– Darren Millar AM, Shadow Health Minister
Thirteen months of missed targets for life-threatening calls is deplorable.
With confidence in our health service already at rock-bottom, this will do nothing to ease the worries of communities across Wales.
It’s now time for serious change – and I will be working with the minister to make sure the changes he announced are effective – and implemented as soon as possible.
Welsh ambulance response targets have been missed for the 13th month in a row, according to figures released by the Welsh Government today.
Last month 62.6% of emergency responses to Category A (immediately life-threatening) calls arrived at the scene within eight minutes - the target is 65%.
The Welsh Government said 80% of Category A calls received an emergency response within 12 minutes, and 94% within 20 minutes.
The Welsh Government has responded to the latest figures which show ambulances here have missed their response time targets for the 12th month in a row.
Statistics don't always paint the full picture.
The Welsh Ambulance Service has shown great resilience in rebounding from a long, hard winter. The 5 percentage point improvement against the target for Category A between April and May 2013 is despite only a small fall in the number of Category A calls.
In Wales in May 2013, over 68% of emergency responses arrived at the scene within nine minutes, and over 76% of emergency responses arrived in 11 minutes.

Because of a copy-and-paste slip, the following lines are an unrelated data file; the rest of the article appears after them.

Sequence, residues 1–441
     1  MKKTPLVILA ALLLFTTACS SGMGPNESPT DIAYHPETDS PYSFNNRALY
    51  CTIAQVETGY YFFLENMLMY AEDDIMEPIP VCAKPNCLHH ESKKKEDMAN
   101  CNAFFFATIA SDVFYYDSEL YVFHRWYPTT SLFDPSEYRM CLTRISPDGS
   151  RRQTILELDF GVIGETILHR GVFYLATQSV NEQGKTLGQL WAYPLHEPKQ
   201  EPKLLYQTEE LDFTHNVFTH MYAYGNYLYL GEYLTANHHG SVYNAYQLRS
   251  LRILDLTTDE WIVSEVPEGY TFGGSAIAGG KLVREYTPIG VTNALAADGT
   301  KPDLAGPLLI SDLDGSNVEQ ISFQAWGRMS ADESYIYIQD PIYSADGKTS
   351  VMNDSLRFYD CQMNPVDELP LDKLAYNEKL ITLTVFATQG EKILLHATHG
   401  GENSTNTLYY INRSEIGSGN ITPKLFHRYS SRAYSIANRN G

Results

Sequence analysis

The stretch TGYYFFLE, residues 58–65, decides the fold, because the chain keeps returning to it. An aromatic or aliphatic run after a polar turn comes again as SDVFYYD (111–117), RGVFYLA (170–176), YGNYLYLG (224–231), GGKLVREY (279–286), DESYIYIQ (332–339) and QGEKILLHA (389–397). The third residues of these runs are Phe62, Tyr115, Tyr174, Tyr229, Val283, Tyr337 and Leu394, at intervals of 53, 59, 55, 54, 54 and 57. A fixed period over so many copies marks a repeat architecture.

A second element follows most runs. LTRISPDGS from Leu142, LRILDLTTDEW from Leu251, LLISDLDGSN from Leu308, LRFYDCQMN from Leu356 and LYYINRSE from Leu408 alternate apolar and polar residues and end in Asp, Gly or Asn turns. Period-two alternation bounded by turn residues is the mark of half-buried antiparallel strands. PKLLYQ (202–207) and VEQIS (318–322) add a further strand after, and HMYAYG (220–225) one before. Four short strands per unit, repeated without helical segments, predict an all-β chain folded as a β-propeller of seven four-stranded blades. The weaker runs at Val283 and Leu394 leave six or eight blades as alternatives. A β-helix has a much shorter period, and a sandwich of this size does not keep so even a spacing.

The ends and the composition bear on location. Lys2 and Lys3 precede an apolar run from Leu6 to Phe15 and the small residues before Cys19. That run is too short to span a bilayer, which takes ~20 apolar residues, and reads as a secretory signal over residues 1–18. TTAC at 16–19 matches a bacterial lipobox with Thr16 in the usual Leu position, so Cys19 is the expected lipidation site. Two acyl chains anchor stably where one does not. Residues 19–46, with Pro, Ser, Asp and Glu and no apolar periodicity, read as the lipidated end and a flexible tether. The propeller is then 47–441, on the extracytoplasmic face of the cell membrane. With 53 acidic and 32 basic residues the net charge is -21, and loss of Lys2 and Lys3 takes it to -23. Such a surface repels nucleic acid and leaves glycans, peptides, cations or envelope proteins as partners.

– Welsh Government statement
We are encouraged by the commitment and hard work evident in the improvements seen in May and will now look to Local Health Boards to work with the Trust to build on that achievement.
The Wales Ambulance Service has failed to meet its response time target for life-threatening calls for the 12th successive month.
The latest figures for May show 62.5% of ambulances arrived at the scene of life-threatening calls within 8 minutes. The target is 65%.
But this figure is up on April's figure.
Ambulances responded to 80% of calls within 12 minutes, and 94% within 20 minutes.
The Welsh Government says more needs to be done to raise the performance of ambulance response times. Figures out today reveal they are still not on target for the eleventh month in a row.
In April the Welsh Ambulance Service achieved a 4 percentage point increase in the number of emergency responses arriving at the scene within the eight minute target. In the same month, 75% of patients who required an emergency response received one within 12 minutes, and over 90% received a response within 20 minutes.
– Welsh Government spokesperson
While this is encouraging, more needs to be done to ensure performance improves in the long term. The Minister for Health and Social Services has accepted a number of recommendations made following the recent review of Welsh Ambulance Services, with focus on delivering a clinical service to ensure patients receive the right response, at the right time and in the right place.
Latest ambulance performance figures show an improvement on March but are still below the all-Wales targets for the eleventh successive month.
Statistics from the Welsh Government show an increase in emergency calls in April by over 6 per cent on the previous year.